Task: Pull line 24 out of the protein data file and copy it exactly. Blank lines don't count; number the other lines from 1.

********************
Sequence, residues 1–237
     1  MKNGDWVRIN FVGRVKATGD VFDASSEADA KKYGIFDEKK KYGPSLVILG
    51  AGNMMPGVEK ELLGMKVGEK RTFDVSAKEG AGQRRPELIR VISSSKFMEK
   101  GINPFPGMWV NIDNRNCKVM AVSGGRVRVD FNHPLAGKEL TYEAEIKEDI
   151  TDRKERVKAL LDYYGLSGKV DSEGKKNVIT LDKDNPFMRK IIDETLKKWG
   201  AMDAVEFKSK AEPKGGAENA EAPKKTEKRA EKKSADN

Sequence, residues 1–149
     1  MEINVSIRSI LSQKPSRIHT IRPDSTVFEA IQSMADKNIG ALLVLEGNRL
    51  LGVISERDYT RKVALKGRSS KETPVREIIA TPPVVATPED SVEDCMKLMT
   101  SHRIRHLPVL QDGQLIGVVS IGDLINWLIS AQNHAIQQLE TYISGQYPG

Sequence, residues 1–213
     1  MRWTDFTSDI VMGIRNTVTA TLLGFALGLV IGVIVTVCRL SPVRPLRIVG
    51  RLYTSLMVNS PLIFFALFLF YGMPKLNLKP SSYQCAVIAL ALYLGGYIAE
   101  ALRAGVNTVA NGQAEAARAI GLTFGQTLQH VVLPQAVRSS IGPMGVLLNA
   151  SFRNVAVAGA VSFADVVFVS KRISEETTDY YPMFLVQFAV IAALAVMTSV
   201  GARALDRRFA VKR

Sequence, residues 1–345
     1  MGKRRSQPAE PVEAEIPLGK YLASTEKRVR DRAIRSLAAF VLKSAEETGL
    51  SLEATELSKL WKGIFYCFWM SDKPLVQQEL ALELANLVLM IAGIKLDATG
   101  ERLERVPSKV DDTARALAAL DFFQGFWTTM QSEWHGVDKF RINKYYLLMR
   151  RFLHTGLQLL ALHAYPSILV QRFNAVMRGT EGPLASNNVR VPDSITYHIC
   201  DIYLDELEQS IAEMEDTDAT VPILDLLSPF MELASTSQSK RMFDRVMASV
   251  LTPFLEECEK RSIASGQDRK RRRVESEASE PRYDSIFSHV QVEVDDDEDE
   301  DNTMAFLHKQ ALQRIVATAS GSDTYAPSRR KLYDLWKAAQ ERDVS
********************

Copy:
   301  DNTMAFLHKQ ALQRIVATAS GSDTYAPSRR KLYDLWKAAQ ERDVS